If you want to bulk up and look like a beast, you need to focus on your biceps. Above all else, remember that it’s about being efficient and not about raw power.
You can build your biceps with resistance, and there’s no better way to do that than with dumbbells.
Once you have the best dumbbell set out there and your home gym area is all set, you owe it to yourself to cycle through these biceps workouts and find which ones work best for you. Let’s take a look.
#1 Row Curls
Start with both of your dumbbells on the floor by your side. Bend your knees and lean down to pick them up.
Once your hands are firmly and securely holding your dumbbells, begin rising up while you pull the dumbbells up with you.
When you knees are bent at a 45-degree angle as you rise up, you want to rotate the dumbbells by 90 degrees, putting all of that tension and stress on your biceps.
Once your dumbbells rise up, you want to stop before you completely stand up (keep those knees bent), and then descend to the beginning of the exercise. Repeat this with as little time in between row curls as possible.
#2 Preacher Curls
These classic curls require you to keep your arm separate from the body, meaning you are not using the momentum of your arms swings to aid in your curling at all. Lay your arm down flat against the curved seat of your bench if you have to.
You pull up on your bicep curl until you reach the apex, and then gently lower it again, building up speed with experience as you go.
It’s a very basic bicep curl, but because you aren’t relying on any other part of the body to shift momentum or stress, it’s all on your arms.
Do this on one arm at a time. Keep in mind that you’re going to aim the dumbbell towards your shoulder, do not aim it towards your chest when you curl in.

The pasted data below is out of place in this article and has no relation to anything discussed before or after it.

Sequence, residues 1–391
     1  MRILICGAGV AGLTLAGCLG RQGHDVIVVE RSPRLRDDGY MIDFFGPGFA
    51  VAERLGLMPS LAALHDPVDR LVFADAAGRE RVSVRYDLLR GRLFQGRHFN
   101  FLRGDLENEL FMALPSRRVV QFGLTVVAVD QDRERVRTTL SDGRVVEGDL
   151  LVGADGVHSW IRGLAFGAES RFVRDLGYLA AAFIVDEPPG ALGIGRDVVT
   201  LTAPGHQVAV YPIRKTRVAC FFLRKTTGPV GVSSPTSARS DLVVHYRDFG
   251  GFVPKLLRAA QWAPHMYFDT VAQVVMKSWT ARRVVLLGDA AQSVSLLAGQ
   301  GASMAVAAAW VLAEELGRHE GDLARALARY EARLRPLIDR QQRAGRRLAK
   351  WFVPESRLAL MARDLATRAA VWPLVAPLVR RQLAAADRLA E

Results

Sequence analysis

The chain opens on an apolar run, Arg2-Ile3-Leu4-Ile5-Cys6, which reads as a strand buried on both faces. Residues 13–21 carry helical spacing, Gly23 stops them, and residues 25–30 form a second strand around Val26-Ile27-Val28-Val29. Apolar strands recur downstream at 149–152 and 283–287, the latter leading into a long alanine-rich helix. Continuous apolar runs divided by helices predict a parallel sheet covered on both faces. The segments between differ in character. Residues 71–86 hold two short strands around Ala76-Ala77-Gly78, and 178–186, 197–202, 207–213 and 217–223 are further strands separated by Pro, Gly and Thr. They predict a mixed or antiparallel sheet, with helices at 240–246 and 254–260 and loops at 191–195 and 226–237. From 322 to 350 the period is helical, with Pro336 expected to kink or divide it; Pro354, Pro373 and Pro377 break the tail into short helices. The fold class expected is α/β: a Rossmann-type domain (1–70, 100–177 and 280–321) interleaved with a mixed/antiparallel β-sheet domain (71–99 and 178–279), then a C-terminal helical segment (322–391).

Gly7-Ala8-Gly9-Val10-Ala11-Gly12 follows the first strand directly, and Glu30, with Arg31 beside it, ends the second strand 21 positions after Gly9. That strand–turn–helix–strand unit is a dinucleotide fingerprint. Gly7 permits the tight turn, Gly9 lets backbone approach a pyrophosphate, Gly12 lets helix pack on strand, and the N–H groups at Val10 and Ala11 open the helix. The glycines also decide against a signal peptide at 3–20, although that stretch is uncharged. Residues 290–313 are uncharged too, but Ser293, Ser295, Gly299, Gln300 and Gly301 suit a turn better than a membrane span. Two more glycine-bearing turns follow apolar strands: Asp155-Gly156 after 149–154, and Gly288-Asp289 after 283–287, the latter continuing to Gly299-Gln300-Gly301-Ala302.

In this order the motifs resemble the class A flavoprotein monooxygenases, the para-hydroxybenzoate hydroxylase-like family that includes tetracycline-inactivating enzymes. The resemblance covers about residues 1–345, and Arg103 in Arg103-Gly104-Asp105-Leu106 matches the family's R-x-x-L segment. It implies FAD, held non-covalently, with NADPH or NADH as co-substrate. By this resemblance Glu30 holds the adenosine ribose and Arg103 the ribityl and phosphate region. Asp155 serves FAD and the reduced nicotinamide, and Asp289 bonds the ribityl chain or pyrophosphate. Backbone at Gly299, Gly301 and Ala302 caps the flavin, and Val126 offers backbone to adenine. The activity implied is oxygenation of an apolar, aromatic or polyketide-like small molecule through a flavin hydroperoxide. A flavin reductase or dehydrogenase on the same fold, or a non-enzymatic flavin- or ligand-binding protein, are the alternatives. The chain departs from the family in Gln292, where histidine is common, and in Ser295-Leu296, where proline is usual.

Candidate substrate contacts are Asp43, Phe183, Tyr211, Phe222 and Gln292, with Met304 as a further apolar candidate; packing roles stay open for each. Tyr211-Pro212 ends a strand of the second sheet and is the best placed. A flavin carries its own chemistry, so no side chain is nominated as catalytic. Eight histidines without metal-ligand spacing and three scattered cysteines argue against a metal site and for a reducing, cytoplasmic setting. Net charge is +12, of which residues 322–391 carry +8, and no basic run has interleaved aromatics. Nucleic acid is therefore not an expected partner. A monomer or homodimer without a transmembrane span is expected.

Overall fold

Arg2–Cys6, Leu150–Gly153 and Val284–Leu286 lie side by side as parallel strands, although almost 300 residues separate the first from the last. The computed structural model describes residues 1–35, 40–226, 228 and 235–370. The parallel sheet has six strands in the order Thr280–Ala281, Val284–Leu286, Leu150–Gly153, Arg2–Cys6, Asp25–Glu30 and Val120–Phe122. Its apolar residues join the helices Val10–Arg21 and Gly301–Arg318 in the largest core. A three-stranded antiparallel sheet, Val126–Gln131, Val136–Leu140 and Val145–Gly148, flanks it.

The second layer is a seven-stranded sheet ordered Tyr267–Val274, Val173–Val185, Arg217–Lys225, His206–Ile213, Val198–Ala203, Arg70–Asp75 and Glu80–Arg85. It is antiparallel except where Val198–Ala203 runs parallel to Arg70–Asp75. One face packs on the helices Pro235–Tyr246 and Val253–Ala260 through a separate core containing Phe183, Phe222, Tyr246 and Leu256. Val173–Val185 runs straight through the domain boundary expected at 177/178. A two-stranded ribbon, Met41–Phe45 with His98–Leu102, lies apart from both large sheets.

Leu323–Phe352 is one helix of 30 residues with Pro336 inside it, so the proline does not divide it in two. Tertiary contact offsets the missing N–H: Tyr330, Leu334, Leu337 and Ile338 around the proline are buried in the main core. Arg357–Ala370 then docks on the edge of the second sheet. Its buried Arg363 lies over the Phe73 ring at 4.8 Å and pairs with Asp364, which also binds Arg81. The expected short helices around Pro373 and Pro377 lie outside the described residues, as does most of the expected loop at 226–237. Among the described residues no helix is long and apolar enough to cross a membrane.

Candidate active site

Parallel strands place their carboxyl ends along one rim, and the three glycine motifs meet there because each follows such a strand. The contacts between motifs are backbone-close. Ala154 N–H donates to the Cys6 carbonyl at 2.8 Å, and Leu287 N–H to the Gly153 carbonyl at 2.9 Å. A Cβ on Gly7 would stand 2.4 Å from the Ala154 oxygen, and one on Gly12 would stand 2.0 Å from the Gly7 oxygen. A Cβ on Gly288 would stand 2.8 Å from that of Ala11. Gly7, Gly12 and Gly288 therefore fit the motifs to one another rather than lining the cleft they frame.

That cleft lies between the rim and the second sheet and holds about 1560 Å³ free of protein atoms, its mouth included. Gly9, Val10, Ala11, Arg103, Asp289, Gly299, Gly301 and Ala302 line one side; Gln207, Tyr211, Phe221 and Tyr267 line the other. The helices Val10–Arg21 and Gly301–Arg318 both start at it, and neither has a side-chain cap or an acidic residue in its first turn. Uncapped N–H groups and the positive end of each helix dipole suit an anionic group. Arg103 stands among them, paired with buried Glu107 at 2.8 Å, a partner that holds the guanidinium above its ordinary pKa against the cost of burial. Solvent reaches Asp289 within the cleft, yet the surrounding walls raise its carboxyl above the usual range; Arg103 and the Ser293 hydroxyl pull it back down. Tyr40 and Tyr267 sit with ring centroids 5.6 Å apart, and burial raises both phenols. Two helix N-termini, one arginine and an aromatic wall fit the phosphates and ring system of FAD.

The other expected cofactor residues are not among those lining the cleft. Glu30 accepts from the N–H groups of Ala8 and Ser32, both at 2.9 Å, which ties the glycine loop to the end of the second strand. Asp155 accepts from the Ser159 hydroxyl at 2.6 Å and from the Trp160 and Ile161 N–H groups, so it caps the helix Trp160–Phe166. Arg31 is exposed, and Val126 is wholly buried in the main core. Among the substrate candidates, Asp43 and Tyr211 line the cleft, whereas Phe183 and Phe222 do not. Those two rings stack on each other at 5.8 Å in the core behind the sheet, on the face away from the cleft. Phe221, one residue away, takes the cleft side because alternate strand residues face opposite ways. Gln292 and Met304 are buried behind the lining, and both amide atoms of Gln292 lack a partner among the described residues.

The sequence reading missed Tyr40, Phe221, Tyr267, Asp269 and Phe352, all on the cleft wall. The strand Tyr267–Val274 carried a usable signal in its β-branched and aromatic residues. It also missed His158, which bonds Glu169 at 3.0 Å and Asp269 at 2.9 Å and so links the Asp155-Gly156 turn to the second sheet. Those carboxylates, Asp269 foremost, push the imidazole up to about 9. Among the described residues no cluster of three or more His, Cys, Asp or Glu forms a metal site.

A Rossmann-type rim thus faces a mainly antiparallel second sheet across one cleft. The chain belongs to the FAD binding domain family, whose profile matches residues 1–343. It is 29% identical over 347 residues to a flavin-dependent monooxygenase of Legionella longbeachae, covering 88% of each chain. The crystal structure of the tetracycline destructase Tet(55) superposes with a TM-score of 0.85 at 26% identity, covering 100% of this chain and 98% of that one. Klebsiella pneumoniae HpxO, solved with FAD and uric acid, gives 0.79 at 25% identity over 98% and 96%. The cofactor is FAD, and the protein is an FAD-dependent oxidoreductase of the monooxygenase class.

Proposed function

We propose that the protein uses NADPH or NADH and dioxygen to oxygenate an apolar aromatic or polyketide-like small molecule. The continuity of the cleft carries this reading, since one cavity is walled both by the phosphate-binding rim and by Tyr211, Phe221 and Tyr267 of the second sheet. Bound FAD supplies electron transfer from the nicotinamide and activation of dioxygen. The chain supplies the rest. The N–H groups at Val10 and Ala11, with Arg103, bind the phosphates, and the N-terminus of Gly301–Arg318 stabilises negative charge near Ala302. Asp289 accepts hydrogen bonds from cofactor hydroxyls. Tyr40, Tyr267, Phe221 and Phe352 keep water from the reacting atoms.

You’ll not only risk injury doing this, but you will also waste the power of your curl by dumping the momentum.
Aim for your shoulder at the very least. If you’re a more experienced lifter, pull the curl so that the target is ju8st to the outside of the shoulder (opposite of the direction you would have been pulling for your chest).
#3 Drag Curls
Standing straight with a dumbbell in each hand, you want to pull upward with your arm to engage your elbow. You’re not going for an immediate 180-degree curl.
When you pull up, you engage your elbow and it goes behind the body, giving you more control over your curls. Aim for the shoulder and try to curl in as tightly as possible.
The entire point of this curl is that you’re going to feel the squeeze on your biceps and in your shoulder, but that’s what we want.
You are dragging the dumbbell up your body (hence the name drag curl) instead of swinging it out in front of you. This puts more strain on your biceps and trains them just a little bit better than standard curls.
#4 Spider Curls
Use your bench to your advantage with this one. Lean your chest against the back seat with your feet firmly on the floor, positioning your body at a 45-degree angle.